How to be a better runner
Prior to my foray into the gym and beginning my weight-lifting regimen back in 2012, I was a runner.
I started in middle school when I joined the track team, and went all-in with running in high school when I discovered cross country. Distance running sank its teeth into me, and I was pretty darn good at it.
I was the only freshman on our varsity team my first year in cross country, and was an all-league selection all four years of high school on some pretty fantastic teams. I owe a ton of credit to the fact that I had two coaches — Jim Soper and Bill Downing — that were two of the very finest running tacticians and men that I could have hoped to learn from.
It also helped that running came very natural to me. I had the body type and the physiological makeup to excel at distance running.
Not everyone enjoys this type of genetic disposition, though. But I understand that when most people think about getting fit and starting a more active lifestyle, running almost invariably plays a part in their game plan. For some, they think cardio in the form of running will help them lose weight (which is a different topic itself), while others have goals around finishing a race of some sort (5K, marathon, triathlon, etc.)
Many people struggle with running for a variety of reasons, but I believe it comes down to three core factors — your stride, your pace, and your distance. No matter your level of fitness, body type, or experience with running, you can become a better runner if you work to improve in these three ways.
Create a more efficient stride
At its core, running is about getting from one place to another as quickly and efficiently as possible. If this is true, then everything about how your body moves while you run should be about intentional movement in the direction you're going.
Ever seen someone with a stride that is too bouncy? Or with too much side-to-side movement? Or too stiff? When I drive past a runner on the street, I can dissect a their stride and any potential flaws in about 5 seconds of watching them run.
Far too many people simply start running without paying attention to how their body moves when they run.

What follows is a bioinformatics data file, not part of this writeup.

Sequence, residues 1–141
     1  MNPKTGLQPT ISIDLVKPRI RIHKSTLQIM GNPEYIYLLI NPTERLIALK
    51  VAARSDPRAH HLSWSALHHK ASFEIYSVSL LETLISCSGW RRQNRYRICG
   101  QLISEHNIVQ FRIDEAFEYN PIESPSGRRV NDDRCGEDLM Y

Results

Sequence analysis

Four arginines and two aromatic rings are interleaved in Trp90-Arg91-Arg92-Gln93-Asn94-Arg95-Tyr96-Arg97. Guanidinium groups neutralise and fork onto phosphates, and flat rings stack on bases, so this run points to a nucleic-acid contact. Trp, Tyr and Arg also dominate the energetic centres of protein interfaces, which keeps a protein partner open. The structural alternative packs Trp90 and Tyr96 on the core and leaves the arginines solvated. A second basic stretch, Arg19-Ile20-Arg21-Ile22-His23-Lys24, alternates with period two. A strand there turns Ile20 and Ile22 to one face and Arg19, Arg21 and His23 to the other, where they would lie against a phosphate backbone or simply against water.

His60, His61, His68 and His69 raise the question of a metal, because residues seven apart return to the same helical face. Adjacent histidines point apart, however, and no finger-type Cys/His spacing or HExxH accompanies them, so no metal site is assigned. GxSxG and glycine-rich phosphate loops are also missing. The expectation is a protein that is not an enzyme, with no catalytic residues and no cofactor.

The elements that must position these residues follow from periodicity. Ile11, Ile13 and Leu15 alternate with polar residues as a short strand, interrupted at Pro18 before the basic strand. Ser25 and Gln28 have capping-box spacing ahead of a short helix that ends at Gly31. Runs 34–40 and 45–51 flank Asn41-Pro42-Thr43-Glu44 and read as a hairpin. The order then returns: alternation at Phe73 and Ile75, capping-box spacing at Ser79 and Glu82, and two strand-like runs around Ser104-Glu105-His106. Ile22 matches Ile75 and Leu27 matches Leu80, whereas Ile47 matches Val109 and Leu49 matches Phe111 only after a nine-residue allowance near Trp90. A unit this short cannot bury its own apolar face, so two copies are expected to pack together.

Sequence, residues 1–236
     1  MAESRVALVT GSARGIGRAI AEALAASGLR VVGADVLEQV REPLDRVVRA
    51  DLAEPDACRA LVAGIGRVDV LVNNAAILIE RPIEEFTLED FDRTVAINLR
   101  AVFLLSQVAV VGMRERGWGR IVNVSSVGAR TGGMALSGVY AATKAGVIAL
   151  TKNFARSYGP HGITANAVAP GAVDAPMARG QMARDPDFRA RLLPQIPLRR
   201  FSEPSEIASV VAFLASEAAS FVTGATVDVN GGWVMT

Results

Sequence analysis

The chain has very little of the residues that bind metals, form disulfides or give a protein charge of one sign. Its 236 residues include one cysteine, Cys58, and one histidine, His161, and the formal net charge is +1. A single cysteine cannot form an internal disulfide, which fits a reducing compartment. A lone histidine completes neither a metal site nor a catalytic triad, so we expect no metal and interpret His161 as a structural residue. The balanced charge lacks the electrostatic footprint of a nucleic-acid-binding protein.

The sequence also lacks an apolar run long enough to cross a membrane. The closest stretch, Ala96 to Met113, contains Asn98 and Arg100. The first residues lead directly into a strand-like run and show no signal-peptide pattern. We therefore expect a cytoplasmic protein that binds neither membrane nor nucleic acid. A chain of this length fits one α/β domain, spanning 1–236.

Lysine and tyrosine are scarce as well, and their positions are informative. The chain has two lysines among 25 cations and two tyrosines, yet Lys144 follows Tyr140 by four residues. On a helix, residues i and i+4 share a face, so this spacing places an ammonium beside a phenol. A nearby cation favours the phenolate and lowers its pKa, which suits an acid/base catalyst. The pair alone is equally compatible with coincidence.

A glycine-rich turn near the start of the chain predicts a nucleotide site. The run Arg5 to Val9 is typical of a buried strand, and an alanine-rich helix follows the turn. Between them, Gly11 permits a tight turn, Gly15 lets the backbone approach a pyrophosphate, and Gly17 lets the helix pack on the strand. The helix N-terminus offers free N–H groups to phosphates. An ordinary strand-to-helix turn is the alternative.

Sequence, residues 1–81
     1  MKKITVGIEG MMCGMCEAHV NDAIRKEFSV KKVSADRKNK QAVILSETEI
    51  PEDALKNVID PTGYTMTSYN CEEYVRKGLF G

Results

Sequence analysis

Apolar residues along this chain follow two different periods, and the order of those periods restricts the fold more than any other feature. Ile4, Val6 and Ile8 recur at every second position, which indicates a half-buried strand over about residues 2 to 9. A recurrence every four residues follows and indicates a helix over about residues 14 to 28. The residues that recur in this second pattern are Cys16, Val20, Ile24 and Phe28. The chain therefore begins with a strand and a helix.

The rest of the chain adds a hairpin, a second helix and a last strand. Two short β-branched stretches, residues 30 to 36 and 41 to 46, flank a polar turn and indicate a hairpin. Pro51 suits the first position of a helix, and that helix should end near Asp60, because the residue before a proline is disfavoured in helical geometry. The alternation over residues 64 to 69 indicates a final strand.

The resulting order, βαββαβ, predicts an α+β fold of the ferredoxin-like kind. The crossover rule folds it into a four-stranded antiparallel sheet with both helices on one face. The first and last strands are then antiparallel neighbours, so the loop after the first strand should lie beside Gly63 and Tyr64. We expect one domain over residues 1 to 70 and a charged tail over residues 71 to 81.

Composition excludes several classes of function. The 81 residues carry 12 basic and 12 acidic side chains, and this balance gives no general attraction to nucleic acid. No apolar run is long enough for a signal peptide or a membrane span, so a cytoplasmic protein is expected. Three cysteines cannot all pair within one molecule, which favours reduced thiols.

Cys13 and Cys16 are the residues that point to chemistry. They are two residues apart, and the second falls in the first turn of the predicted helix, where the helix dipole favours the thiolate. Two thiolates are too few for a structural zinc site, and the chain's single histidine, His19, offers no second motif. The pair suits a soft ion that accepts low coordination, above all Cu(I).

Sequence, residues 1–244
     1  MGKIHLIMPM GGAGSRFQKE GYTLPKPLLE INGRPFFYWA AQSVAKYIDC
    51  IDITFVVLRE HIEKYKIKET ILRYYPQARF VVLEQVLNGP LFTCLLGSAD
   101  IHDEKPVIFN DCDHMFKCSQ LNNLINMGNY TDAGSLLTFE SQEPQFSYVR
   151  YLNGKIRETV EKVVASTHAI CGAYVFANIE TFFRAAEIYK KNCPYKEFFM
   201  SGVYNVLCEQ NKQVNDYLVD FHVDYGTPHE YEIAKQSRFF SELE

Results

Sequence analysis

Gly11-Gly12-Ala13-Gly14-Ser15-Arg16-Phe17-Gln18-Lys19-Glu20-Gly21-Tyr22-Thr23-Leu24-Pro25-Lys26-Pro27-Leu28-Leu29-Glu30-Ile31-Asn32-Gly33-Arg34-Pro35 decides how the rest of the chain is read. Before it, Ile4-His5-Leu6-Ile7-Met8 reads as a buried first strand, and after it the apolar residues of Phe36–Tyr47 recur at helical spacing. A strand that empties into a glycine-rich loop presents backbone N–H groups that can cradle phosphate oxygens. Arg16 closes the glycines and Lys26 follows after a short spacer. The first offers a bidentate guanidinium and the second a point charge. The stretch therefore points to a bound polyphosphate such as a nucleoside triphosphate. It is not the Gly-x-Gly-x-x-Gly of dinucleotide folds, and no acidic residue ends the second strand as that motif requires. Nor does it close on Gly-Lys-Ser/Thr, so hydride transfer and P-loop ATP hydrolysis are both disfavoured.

Your stride is more than just the distance you cover every time you place your foot on the ground. Your entire body affects the efficiency of your stride.
Here are some questions to ask about key areas of your body and how they affect your stride:
- Are your toes pointed forward, or do they turn in or out?
- How does your foot strike the ground? Does your sole invert or evert as it hits the ground? This matters a lot, whereas there's a lot of debate about whether or not heel strike, midfoot strike, or forefoot strike makes a difference.
- Do your knees track in line with your feet, or do they bow in or out?
- Do your arms remain in a relatively front-to-back line as you run, or do they cross your body and cause you to torque?
- Do you have slightly rigid hands (not fists, and not limp), or are you exerting energy through your hands?
- Do you overstride or understride?
- Is your spine in a neutral position, or are you flexed or extended?
- Does your head remain in a neutral position, or does it bob, sway, or tilt?
Paying attention to the entirety of your body's movements as you run, and understanding that they all work interdependently off one another, it critical to becoming a better runner.
If you want to be faster for a longer distance, then you need to actually experience what it means to be "faster."
How? Pace work.
Repeatedly running at a desired pace for a shorter period of time — known as tempo or pace work — can make a huge difference in helping you run faster.
These types of runs, where you push your body at an intensity that matches your desired pace for short spurts for multiple reps, not only helps your body feel what its like to run at that pace, it also increases your lactate-threshold, which is the point where your body reaches fatigue.
For example: When I was training for the 1,600-meter race early on in high school track, one of my goals was to get my time under 5 minutes. If I wanted to run 1,600 meters in less than 300 seconds, I had to run each lap (4) in 75 seconds or less.
To train my body to be able to handle that pace, I regularly did tempo runs on the track. A typical workout would consist of a longer run — let's say 5 miles — followed by 10 laps on the track at a 75-second or less pace, with a minute rest in between laps.
Go the distance
Much like nutrition and weight loss, which essentially comes down to calories in and calories out, running better for longer distances comes down to miles put in.
Building up your distance threshold can really only be accomplished one way: you simply have to run longer.
The more miles you put in, the more your body adapts to the stress, which means come race day, you are more equipped to handle the distance you've trained for.
This method is different for different types of races. For example, to train for a 5K (3.1 miles), I might regularly do 12-15-mile training runs; whereas if I'm training for a marathon (26.2 miles), the most I might run in a single training session is 18-20 miles, but my total mileage over the course of a week might be in the 50-70-mile range.
Train the right way for your goals and you'll be successful.